The more you initially offset the tangent from the constant radius the longer you should make the easement. But you don't have to make either number larger. Making the offset wider will give more easement and so will lengthening the easement without changing the offset. Increasing both is a better solution if you have space. 

You can easily see the relative effect of offset and length by bending a piece of flex track or a thin piece of wood like doorstop or window moulding. A spline in other words. 

Alyth Yard

Canada

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Posted by Overmod on Tuesday, October 5, 2021 10:22 AM

Keep in mind that one purpose of an easement, whether true spiral or not, is to produce progressive angular acceleration from 'zero' (in the tangent with correct tread guiding) to the constant value observed traversing the fixed-radius part of the curve.  At typical model speeds, the required transition can be very short; the advantages of longer spirals are largely visual.  NOTE that since you're still using the portion of the transition from tangent to fixed-radius, there is no mysterious 'reduction' of any part of the curve to less than the fixed radius; you can think of it as 'spreading' the sharp angular change from straight to curved over whatever distance you choose.

I'd at least look at using transitions equal to a couple of your maximum 'rigid wheelbase' dimensions.

The 'offset' is only to get the fixed-radius portion lined up with the transition at both ends.  Think of it as the last step after the transitions are in, as if measured across the transition ends and then cut to length...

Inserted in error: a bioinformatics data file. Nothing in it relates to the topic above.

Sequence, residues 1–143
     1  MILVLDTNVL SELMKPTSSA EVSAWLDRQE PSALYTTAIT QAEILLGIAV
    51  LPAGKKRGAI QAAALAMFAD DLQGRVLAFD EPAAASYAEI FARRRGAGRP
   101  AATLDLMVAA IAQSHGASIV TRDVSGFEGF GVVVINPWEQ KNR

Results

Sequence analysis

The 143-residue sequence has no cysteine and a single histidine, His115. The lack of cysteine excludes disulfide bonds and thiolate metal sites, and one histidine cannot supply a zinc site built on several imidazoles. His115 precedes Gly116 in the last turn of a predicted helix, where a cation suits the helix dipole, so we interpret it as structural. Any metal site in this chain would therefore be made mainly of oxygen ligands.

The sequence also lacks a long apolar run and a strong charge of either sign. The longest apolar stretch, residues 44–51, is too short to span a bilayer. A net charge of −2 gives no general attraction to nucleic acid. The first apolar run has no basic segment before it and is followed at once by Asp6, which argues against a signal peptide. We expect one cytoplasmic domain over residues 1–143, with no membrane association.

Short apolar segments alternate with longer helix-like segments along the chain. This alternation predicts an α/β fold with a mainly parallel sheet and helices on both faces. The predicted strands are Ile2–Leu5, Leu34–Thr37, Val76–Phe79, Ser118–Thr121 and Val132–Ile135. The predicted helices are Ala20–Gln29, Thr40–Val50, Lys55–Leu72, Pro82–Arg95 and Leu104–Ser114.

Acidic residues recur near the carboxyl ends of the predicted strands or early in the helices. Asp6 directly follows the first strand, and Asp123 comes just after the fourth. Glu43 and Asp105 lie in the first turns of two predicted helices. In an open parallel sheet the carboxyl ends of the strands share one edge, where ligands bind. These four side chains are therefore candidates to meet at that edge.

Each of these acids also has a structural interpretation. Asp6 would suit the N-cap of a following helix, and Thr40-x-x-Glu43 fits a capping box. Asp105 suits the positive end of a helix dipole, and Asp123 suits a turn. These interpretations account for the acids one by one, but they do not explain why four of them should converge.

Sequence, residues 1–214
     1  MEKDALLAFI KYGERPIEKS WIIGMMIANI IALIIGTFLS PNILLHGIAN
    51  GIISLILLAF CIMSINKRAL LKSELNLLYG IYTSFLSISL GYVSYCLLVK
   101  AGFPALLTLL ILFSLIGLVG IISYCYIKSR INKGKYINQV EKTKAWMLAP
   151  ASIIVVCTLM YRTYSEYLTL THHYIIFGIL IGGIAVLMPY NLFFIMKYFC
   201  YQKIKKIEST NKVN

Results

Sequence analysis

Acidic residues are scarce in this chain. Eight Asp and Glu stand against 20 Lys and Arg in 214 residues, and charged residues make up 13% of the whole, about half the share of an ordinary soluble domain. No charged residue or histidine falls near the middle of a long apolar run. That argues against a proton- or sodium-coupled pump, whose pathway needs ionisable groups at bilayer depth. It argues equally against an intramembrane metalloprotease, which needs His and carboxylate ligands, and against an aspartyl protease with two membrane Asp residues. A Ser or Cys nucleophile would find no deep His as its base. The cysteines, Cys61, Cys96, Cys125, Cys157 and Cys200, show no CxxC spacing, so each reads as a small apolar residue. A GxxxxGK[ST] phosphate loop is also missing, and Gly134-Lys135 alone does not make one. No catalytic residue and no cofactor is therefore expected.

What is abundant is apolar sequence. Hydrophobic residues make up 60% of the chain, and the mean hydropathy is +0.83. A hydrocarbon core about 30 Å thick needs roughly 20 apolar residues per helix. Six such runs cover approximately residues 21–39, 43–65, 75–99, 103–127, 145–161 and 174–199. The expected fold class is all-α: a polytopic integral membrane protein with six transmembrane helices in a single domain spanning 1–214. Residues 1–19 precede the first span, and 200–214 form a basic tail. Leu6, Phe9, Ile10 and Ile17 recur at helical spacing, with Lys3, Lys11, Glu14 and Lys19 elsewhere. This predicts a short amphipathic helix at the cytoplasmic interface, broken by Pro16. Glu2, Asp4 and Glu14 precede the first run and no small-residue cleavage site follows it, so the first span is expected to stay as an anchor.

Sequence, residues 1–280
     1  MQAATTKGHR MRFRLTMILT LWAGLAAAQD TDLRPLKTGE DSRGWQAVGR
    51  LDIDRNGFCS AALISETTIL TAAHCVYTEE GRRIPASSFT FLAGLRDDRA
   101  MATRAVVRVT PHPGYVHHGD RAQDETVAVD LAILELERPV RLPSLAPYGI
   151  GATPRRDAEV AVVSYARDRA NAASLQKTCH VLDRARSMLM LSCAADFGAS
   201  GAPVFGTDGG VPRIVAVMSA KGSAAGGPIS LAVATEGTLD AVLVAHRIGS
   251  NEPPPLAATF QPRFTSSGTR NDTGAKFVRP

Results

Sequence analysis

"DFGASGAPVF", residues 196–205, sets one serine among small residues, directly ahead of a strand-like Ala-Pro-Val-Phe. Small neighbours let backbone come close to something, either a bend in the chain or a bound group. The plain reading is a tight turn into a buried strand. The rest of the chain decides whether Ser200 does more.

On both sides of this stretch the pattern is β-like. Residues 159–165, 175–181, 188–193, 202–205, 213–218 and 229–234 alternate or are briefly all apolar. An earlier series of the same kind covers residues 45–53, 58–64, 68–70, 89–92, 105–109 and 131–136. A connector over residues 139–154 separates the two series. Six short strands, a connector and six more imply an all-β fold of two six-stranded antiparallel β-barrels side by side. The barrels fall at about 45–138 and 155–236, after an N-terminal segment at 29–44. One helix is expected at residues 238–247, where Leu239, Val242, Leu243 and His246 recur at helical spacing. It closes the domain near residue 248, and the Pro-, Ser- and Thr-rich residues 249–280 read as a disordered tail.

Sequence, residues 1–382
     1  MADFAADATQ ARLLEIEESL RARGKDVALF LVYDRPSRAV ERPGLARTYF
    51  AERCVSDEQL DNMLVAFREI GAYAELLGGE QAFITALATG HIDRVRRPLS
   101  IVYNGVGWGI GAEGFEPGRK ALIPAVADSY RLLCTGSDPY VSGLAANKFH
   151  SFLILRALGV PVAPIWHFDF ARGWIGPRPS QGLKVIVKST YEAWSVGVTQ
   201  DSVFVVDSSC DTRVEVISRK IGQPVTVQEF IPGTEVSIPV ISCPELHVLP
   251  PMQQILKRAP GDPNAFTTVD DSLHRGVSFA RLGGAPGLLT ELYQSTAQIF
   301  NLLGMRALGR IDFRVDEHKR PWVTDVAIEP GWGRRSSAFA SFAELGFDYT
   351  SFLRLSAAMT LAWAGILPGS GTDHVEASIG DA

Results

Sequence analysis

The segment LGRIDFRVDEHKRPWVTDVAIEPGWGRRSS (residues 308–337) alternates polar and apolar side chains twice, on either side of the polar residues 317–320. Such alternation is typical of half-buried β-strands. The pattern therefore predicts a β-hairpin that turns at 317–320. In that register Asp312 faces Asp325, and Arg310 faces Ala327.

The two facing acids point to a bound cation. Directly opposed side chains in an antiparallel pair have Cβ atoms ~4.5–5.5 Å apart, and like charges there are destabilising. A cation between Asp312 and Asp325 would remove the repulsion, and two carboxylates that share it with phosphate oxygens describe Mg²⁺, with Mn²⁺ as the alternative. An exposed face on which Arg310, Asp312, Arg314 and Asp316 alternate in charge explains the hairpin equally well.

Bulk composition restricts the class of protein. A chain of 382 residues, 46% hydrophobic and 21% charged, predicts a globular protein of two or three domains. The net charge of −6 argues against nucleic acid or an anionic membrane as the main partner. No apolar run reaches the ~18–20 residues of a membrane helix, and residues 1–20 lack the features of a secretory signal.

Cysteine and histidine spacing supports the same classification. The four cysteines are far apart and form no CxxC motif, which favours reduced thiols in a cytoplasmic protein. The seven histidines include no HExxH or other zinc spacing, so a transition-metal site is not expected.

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Posted by 7j43k on Tuesday, October 5, 2021 11:12 AM

Overmod

Keep in mind that one purpose of an easement, whether true spiral or not, is to produce progressive angular acceleration from 'zero' (in the tangent with correct tread guiding) to the constant value observed traversing the fixed-radius part of the curve.  At typical model speeds, the required transition can be very short; the advantages of longer spirals are largely visual.

 

 

The purpose of an easement in MODEL form is to:

Look good

Gradually introduce the offset to car ends as the curve is entered.  We use very sharp curves, which introduces some very large offsets to the end of cars.  This is particularly true of passenger cars closely coupled and with diaphragms.  From experiment, I and others have found such passenger cars work better and more reliably through eased curves.  And longer easements make them "happier".  The benefits aren't lost on other long cars.

 

Ed

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Posted by Doughless on Tuesday, October 5, 2021 11:16 AM

Yes, gradually reduce the radius from tangent to a chosen place along the curve where the radius remains constant, in a manner that suits your visual tastes.  Doesn't matter what the radius actually is, as long as it fits in the space and is broad enough for equipment. 

- Douglas